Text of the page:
Live Nation punches ticket pact

Company makes deal with SMG's venues

Live Nation has found a way to pump its value — ticketing — after Wall Street reacted negatively last year to its plan to create “shared rights” deals with musical artists.

Live Nation’s Thursday announcement that it has inked the first significant client for its ticketing service drove its stock price up 6.5% to $16.90.

SMG, a venue management company with 75 arenas, nine stadiums, 52 performing arts centers and 66 convention centers under its purview, has inked a seven-year deal with Live Nation Ticketing that begins in late 2009.

Agreement gives Live Nation Ticketing the exclusive right to sell tickets at SMG’s venues as their current ticket agreements expire. Pact is expected to be completely in place by 2011. Among SMG’s venues are Soldier Field in Chicago and the Bill Graham Civic Auditorium in San Francisco.

The concert company’s ticketing service, which starts operating on Jan. 1, is expected to handle more than 10 million tickets for Live Nation venues alone. Live Nation anticipates that the SMG deal will eventually boost its ticket totals by 25%.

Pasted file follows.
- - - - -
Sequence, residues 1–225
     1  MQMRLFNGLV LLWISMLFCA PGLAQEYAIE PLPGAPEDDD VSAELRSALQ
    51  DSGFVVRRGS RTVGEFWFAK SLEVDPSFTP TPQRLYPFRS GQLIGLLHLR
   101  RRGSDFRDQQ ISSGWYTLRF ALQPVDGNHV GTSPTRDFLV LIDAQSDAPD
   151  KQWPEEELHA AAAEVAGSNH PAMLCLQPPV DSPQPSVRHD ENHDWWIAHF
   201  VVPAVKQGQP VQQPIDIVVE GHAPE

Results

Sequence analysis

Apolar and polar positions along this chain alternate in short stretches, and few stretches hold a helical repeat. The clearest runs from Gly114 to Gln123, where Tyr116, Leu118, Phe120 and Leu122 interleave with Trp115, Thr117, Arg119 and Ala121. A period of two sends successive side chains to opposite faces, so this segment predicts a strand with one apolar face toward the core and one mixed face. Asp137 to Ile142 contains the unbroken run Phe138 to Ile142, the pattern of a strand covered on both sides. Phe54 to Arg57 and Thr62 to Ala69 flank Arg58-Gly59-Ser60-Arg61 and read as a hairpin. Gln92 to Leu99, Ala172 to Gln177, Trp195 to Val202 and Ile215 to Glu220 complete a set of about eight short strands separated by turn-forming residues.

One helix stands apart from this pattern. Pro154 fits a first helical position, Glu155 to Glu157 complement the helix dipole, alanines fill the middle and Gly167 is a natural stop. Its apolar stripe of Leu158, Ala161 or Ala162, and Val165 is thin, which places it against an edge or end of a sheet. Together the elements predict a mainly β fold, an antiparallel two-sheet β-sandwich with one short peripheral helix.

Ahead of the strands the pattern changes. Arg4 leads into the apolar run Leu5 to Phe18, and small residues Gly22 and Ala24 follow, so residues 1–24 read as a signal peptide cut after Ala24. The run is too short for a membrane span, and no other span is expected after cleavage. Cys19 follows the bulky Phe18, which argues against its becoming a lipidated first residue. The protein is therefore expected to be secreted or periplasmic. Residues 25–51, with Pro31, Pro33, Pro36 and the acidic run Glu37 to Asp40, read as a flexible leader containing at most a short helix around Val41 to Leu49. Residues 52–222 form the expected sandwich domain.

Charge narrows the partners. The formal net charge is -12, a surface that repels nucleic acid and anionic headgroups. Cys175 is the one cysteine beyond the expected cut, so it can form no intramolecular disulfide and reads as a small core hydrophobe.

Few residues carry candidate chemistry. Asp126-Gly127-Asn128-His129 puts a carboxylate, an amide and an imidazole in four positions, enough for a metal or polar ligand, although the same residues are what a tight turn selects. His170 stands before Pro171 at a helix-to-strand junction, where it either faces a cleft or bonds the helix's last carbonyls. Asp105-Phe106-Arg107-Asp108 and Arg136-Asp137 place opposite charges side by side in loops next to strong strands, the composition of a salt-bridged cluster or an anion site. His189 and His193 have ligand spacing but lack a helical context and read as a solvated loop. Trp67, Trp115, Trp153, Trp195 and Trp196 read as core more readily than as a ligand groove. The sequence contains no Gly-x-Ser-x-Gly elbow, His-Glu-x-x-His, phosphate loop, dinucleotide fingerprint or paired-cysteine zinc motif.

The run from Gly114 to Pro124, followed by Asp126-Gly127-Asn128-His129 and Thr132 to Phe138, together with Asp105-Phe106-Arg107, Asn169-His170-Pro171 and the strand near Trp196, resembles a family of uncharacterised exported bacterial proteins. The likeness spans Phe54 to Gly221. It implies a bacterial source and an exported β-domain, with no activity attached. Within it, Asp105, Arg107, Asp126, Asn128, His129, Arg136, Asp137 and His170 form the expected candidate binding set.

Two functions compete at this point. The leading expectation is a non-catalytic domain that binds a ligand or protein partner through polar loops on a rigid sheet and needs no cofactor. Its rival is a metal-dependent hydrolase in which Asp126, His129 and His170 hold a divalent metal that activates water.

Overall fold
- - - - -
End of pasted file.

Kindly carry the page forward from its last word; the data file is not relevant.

SMG manages a significant number of venues in secondary and tertiary cities that are crucial for touring artists, especially on the second and third legs of tours. It’s likely that the ticketing connection will give SMG venues a leg up when multiple promoters or venues are in competitive bidding for an act.

Live Nation stock has been rising since early July, soon after signing a similar deal with Nickelback and clarifying the management structure. After Live Nation announced that it had booked a deal with Madonna to handle her touring, merchandise and recordings for 10 years, the stock spiraled down from $23.36 on Oct. 10 to $9.62 on Jan. 23.

SMG president Wes Westley said in a statement that the alliance “will enhance our ability to drive content to our venues while combining technology and distribution to help our clients maximize attendance and build their business.”

Live Nation has touted its ticketing service as a crucial link between its concert promoters and the fans, opting not to renew its contract with Ticketmaster, which expires at the end of the year.

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